5 alternatives to ‘hands up’ in the classroom.

‘Hands up’ means that all the keen, able, confident kids in the room put their hands up and their names go up on the smiley side of the board and accumulate lots of ticks against them. They get loads of praise, and their sense of self-worth is reinforced. Then the others, who realise that they will probably not be called upon to answer a question in the lesson,  start entertaining themselves by balancing pencils on various parts of their faces, throwing paper darts, disassembling pens, or distracting others on other tables, or if they are quiet, they disappear into their own internal world. They think of themselves as less able than those who are straining out of their seat with their hands up.

In other words, you only know who knows they know the answer.

So ‘no hands up’ means that students expect to be called upon at any time, and know that they will need to pay attention to what is going on or they will be shown up. They can ALL get that sense that they are doing well and achieving; they ALL have an equal chance of getting their names on the positive praise side, and they ALL feel good about themselves.

If you are going to use ‘no hands up’ strategies in the classroom, all students need to be called upon regularly, otherwise their attention will quickly wane.

If you are going to use ‘no hands up’ in your class it is ESSENTIAL that you factor in thinking time to allow students to gather their thoughts before being called upon to answer. Model the question a few times, model answers, or just set your timer and give specific thinking time.

So. What alternatives are there to ‘hands up’?

1) A good memory! Go around the class and pick students to ask, one by one, ensuring that everyone is asked a question, every lesson.

pros:

  • Very adaptable. You can start by asking more able kids to model answers and then work through so the less able can pick up information as they go and are able to answer at the end. Or you can ask simple questions first, and build up top more difficult ones at the end.
  • Zero preparation and very quick.

cons:

  • you have to have a good memory – if you miss anyone out, and particularly if you miss anyone out more than once, students will feel slighted.

2) “Playing with the ball” – I throw the ball to a student as I ask a question; they throw it back as they answer it.

Pros:

  • As for a good memory
  • Kids like it. “playing” is what they call it in my classroom.
  • They have to pay attention, or the ball will land on them or near them and all the others will find it very funny.
  • Zero preparation and it’s quick.
  • It’s great if you don’t know their names.

Cons:

  • It has to be the right ball, one which will not bounce away off the table so that you have kids diving all over the classroom. A koosh ball is ideal, but it is expensive. The ball must also not be capable of hurting a student if it hits them in the face! koosh-ball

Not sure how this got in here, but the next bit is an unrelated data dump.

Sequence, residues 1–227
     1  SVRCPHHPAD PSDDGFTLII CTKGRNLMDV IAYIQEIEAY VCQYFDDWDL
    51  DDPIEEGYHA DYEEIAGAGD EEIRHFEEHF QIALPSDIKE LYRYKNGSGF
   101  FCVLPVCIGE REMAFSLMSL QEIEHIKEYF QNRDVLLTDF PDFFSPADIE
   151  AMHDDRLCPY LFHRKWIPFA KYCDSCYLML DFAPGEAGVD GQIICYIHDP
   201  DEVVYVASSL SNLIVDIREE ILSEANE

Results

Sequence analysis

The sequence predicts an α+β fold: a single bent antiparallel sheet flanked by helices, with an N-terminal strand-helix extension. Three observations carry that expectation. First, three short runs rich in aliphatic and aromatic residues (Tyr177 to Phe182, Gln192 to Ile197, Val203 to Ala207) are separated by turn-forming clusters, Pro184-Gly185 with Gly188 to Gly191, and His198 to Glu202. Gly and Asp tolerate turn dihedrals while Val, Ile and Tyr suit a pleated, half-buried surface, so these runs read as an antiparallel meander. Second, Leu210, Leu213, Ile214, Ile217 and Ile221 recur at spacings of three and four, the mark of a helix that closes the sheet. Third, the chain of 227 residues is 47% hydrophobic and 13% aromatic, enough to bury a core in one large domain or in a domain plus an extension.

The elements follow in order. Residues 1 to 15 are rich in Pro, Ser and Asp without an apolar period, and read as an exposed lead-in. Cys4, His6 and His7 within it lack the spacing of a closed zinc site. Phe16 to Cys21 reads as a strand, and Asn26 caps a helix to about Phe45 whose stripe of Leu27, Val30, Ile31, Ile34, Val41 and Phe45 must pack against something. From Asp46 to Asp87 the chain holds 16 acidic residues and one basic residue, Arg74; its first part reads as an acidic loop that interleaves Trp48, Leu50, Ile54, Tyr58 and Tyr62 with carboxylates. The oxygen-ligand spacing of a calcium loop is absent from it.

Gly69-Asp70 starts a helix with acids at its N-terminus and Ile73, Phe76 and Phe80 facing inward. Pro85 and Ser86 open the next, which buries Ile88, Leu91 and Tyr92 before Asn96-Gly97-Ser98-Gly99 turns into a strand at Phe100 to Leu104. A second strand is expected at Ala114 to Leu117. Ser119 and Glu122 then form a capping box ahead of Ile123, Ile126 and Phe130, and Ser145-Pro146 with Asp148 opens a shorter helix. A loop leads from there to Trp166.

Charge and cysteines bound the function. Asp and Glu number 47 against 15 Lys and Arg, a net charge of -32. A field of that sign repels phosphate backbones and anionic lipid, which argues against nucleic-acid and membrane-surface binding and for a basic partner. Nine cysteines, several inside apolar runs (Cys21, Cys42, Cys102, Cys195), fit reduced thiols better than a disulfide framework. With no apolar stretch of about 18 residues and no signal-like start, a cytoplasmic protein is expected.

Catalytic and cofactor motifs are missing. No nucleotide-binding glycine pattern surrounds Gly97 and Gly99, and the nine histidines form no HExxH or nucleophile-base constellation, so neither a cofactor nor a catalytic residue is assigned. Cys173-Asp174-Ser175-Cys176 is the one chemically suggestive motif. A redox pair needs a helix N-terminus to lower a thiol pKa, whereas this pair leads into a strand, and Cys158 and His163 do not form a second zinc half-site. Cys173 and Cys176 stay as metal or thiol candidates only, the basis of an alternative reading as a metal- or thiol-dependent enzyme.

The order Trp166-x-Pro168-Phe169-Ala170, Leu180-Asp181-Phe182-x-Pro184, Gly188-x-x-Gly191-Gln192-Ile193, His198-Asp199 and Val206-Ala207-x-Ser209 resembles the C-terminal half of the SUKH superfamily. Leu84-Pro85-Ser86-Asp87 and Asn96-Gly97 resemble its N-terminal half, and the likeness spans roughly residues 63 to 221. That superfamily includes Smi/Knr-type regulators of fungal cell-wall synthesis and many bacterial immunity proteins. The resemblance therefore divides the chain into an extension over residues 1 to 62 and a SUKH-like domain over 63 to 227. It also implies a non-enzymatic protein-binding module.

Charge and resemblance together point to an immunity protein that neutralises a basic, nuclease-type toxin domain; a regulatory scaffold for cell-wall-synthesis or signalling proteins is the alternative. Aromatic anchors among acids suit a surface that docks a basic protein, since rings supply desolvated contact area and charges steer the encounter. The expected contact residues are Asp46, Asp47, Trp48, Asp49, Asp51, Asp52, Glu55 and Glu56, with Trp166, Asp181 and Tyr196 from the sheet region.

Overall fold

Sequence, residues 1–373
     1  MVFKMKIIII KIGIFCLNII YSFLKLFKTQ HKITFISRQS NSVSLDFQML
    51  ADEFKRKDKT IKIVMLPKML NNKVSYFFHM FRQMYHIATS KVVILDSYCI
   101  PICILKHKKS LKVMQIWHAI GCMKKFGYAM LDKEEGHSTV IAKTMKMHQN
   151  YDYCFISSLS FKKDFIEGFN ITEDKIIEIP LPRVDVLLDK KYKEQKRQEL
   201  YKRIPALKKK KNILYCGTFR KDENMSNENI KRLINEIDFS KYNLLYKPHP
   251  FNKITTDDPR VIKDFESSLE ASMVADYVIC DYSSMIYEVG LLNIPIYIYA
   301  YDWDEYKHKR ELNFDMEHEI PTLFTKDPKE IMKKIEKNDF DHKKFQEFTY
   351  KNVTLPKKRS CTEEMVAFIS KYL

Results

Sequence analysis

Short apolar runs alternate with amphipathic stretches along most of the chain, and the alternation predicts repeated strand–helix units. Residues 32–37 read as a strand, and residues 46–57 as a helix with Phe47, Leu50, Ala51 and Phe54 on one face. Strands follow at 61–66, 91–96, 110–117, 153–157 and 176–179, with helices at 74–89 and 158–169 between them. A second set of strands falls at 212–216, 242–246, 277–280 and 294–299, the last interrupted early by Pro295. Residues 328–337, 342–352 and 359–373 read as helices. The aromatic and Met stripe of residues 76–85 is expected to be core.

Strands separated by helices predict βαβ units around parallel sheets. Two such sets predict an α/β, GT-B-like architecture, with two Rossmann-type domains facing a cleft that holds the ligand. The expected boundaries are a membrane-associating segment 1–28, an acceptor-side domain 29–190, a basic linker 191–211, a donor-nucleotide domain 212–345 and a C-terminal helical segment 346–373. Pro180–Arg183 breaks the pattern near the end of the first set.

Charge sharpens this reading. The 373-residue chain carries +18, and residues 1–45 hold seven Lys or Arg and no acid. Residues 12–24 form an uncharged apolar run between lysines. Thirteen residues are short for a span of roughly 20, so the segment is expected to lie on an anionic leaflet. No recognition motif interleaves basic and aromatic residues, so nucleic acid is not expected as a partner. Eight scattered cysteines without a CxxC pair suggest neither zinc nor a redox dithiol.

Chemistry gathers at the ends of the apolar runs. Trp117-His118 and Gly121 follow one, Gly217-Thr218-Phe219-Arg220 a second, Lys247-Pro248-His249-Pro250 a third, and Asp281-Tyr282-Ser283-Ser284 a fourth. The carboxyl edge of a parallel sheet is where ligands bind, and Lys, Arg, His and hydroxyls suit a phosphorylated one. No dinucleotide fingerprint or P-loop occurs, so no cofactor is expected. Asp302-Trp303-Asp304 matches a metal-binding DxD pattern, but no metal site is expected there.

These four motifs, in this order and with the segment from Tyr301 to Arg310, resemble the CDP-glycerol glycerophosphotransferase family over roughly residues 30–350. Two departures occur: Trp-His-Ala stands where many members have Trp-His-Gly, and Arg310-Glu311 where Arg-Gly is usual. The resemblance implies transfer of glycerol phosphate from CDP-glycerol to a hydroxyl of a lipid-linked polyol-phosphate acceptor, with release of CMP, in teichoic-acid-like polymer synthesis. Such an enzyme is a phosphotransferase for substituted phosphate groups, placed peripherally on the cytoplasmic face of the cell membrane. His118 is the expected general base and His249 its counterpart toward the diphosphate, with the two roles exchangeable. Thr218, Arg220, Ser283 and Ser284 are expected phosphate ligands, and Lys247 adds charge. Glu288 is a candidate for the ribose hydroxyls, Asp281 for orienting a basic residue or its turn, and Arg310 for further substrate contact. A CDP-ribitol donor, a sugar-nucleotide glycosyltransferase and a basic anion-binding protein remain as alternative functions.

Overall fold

• Don’t do this if you have rubbish hand-eye coordination, or it will cause more problems than it solves, as students will be crawling all over the place.

3) Lolly sticks with names on: you create class sets of lolly sticks with names on them, then pick a name out and ask that student a question.

lolly-sticks

Pros:

  • It’s properly random. You have no control of what name comes out. I tend to show the name to the class to show that I am actually saying the person on the stick. (I do cheat sometimes, if a name comes out and I know that that person will struggle and be shown up, I just say another name. I don’t show the class. They’ve seen that I am being honest with them before.)
  • You can either take names out as you go along, or leave them in. I leave them in, or those who’ve already answered stop paying attention. I may ask those whose names come out a second time to nominate someone else.
  • Drama! I pick the cup up and shake it to groans from the kids. It needs no introduction.

Cons:

  • Able kids, those who volunteer a lot, don’t like it, because they are not able to use questioning to show off what they’ve learned, and may be called upon to answer a question to which they don’t know the answer. (Just like the others, then…) In the past able kids have taken their names out of the cup!
  • Takes quite a bit of time to set up, and you have to buy the lolly sticks. I buy the multi-coloured packs from ebay, and have each class in a different colour so that if kids amuse themselves mixing up the classes it’s easily corrected.

4) screen based random name generators. I like the one from classtools.net https://www.classtools.net/random-name-picker/ but if you search for ‘random name generators for teachers, there are a range.

classtools-name-picker

Pros:

  • Kids LOVE it. The one I use has noises attached, so that they really enjoy the process.
  • It’s properly random. You CANNOT cheat with this one as it’s so public. This is also, I would suggest, a con.

Cons:

  • You cannot have it on your interactive whiteboard at the same time as anything else, so the students can’t use any visible information.

5) Behaviour Management tool such as Class Dojo – http://www.classdojo.com – Students are represented on the board and it is easy to track visually who you have called upon.

classdojo

Pros.

  • Kids love it – it is visually entertaining and interactive, and they can see their progress.
  • You can pick whom you ask questions.
  • It has lots of other functions, and you can set up parental links and all sorts of other information.

Cons:

  • Quite time-consuming to set up and maintain.
  • If it’s on the screen, it’s difficult to display anything else.

 

 

 

 

 

 

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